As far as I'm aware it's illegal if the sole reason is due to their gender or if the job is one which has a flat rate throughout the corporation and the rate they are paying men is higher than that of women, once again based purely on their gender.
If however it is due to the negotiating skills of the party involved I don't think it's illegal.

fgaaagh Wed 29-Jun-11 16:49:12

"Isn't it illegal or something for men to be earning more than women doing the same job?"

It's not as simple as that - the difference in salary has to be due to discrimination due to gender, there are cases where men haggle harder or longer and they just get the raise.

This obviously wouldn't hold water in an engineering firm employing 500 employees, 50 of which are women who are paid an average of 40% less for the same level, of course grin But it's not as simple as the blanket quote above indicates..,

fgaaagh Wed 29-Jun-11 16:53:00

Interesting reading:

http://www.nytimes.com/2008/04/06/jobs/06pre.html

fgaaagh Wed 29-Jun-11 16:54:07

Woops meant to link it:

Women, Repeat This: Don?t Ask, Don?t Get

Bartimaeus Wed 29-Jun-11 16:56:55

In my opinion it's not because he's male that he's earning more than you but because he's a new hire. The best way to advance salary wise is to regularly change companies and be a good negociator!!!

<disclaimer : obviously this only works in certain fields, and I'm generalising based on my experience>

DH has just changed companies. Very similar job, 25% payrise!!!

A lot of my friends negociate very hard when they change jobs because they know that once in a company, the payrises are not so good.

Also, if the new bloke was paid more than you in his old job, then obviously he's not going to take less in this new job, and if your company wants him then they'll pay what it takes to get him...

fgaaagh Wed 29-Jun-11 16:59:10

Bartimaeus exactly.

i won't move from my current job for less than a £5 - £6k payraise, because i have to factor in the fact that i can get a lifeshare where i am. that's worth cash to me (not having to pay full cost of public transport/car), etc. and that's just to break even.

so i won't jump for the hassle for less than a £10k pay rise. which sounds a lot but when i think about it is common sense.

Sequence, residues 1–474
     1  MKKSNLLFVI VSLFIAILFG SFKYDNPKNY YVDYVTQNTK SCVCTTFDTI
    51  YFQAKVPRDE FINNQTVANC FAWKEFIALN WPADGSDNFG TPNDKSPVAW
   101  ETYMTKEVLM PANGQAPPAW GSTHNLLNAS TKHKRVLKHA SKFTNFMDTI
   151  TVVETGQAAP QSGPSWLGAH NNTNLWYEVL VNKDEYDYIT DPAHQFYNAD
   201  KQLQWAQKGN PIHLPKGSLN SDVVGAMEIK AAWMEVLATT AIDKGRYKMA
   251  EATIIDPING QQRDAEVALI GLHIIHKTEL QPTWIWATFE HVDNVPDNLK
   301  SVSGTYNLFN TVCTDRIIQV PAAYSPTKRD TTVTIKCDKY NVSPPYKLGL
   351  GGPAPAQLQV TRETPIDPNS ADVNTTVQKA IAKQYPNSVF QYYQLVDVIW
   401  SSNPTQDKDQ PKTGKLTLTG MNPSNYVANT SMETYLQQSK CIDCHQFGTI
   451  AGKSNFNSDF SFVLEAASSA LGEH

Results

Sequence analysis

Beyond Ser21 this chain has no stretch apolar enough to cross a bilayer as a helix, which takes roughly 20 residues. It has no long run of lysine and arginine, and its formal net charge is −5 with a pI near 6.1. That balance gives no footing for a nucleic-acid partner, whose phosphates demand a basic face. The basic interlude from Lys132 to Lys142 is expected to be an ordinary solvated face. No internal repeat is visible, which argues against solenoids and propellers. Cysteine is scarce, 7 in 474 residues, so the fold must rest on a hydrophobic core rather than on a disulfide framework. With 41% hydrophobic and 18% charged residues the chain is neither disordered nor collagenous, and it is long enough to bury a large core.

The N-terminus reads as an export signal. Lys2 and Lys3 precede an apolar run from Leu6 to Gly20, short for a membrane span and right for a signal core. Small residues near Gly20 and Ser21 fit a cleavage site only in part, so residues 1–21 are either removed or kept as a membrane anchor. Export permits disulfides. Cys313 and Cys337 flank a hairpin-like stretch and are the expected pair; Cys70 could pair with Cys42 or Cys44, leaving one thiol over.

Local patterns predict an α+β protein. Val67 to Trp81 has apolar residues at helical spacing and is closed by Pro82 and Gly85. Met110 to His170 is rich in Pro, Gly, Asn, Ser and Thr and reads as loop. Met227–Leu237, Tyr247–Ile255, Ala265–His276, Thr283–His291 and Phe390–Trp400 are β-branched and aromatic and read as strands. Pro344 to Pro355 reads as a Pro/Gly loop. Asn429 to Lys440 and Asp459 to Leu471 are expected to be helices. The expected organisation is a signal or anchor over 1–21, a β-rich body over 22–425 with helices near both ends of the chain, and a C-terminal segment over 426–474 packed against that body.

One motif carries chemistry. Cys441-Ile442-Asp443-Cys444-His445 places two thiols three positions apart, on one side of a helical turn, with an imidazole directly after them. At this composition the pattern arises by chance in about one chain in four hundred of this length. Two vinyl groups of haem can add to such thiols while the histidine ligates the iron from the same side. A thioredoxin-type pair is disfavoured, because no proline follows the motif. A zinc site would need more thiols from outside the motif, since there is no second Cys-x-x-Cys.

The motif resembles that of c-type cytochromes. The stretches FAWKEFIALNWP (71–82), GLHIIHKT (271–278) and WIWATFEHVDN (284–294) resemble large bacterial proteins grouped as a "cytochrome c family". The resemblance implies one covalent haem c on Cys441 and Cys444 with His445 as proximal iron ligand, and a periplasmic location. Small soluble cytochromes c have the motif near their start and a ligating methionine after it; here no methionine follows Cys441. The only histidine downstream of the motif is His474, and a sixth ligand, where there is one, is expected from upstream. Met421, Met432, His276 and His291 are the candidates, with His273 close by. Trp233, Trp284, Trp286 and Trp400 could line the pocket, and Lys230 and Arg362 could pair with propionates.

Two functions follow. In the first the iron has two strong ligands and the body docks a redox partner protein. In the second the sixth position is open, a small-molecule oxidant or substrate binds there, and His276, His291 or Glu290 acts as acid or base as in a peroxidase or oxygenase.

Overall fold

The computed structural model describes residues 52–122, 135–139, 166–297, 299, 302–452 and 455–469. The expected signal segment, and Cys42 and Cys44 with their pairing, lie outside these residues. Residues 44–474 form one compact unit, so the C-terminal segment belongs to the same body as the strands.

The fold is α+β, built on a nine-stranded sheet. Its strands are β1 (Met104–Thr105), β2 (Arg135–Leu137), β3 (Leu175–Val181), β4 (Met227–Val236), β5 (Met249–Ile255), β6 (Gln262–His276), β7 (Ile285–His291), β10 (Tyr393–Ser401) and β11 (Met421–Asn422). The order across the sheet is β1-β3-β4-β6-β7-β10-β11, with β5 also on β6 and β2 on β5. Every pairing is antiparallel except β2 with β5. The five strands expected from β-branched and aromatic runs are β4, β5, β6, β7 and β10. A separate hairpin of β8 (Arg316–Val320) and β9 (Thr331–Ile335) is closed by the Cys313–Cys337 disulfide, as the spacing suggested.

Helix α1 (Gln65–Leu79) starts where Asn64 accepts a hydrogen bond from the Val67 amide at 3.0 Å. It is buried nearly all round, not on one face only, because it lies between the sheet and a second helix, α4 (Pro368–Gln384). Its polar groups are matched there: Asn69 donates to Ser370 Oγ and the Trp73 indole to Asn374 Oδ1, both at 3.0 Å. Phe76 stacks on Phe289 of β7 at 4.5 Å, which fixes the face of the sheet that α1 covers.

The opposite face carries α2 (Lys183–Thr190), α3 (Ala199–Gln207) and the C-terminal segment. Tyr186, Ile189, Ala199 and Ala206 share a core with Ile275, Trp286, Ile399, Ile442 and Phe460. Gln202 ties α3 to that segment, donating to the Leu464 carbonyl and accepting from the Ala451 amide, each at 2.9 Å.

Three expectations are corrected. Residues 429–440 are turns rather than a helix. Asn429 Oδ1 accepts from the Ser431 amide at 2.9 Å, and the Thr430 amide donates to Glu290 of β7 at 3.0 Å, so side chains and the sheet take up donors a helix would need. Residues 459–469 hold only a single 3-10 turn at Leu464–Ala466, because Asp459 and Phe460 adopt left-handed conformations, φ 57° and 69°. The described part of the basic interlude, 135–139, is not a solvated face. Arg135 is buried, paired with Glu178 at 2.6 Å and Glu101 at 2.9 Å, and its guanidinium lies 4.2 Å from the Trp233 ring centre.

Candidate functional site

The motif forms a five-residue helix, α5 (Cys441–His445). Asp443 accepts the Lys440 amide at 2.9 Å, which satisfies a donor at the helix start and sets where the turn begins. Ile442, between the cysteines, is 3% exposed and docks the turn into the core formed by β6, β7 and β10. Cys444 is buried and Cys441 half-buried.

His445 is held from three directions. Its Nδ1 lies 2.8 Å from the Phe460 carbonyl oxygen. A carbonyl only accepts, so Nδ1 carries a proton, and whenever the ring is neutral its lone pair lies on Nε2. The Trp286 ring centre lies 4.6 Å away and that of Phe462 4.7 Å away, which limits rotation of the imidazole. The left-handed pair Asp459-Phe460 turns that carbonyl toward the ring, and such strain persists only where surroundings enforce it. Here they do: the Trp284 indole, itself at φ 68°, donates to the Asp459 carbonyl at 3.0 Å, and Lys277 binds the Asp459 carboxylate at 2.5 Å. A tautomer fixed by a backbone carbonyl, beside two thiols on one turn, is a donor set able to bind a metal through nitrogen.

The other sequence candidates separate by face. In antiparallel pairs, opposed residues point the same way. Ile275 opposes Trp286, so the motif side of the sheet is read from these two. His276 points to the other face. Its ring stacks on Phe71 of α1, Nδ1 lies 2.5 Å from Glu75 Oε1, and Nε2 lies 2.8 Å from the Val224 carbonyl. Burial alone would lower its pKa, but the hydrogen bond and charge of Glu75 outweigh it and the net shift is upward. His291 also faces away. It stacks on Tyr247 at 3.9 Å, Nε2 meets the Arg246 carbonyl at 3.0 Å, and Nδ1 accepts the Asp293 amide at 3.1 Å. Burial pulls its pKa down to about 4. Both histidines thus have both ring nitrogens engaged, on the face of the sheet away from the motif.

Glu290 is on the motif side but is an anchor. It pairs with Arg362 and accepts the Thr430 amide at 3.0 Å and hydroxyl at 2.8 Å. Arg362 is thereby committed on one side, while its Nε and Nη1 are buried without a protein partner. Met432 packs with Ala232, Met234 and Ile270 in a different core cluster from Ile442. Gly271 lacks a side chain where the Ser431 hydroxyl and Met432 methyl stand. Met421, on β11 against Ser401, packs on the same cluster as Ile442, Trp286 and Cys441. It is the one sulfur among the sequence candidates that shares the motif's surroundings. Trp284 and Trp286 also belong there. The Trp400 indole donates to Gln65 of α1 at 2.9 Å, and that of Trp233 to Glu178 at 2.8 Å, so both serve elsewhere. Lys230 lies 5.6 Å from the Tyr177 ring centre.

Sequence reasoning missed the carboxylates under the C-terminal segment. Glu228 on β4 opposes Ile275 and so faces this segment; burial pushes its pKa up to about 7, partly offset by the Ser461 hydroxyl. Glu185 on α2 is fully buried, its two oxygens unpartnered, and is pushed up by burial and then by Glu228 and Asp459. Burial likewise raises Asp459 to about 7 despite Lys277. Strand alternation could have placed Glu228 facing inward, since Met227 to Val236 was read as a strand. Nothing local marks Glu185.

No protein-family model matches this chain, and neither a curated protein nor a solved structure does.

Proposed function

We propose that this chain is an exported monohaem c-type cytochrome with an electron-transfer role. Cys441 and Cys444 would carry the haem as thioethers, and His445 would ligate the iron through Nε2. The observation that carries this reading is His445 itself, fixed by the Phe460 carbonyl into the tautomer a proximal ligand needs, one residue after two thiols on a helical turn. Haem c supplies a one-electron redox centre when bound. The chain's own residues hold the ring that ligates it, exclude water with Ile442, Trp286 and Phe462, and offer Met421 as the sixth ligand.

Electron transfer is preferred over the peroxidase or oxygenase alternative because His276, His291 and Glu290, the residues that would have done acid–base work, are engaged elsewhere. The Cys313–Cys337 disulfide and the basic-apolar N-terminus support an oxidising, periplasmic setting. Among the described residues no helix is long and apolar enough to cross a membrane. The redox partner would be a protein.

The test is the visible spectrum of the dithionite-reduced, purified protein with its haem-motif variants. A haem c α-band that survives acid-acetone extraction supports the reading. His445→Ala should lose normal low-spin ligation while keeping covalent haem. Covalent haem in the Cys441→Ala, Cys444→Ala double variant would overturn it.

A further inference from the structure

Bartimaeus Wed 29-Jun-11 17:05:46

It's quite common in my field for people to change companies to do the same job but for better pay! Sometimes they even negociate a promotion into the bargain.

The logic followed by my friends and I is that you're taking a risk by changing companies (start of a new 6 month probationary period, you're not known, you might not like it, you start with 0 holidays etc. (I'm in France, there are different holiday rules here)) so the move needs to be worth your while.

IrishSea Wed 29-Jun-11 17:30:57

Thanks everyone. I think part of the problem is that I accepted the job two years ago when my industry looked like it was falling off a cliff and I was lucky to get a job, let alone one that was close to my parents (they relocated me), so I wasn’t in a very strong position to negotiate. Whereas my new colleague had a far stronger hand and wasn’t as ‘desperate’.

I love the idea of a girl scout negotiating badge (although I don't think my DD needs it, she could teach the UN a thing or two!)! I have read that part of the discrepancy between male and female pay is that as women just accept what they’re offered it, the difference then escalates over the years. I didn’t really want to whine to my boss, so I’ll use the next 6 months to put a convincing (non whinging) argument together. If I’m not happy then I might have to consider voting with my feet.

Thanks for all the replies.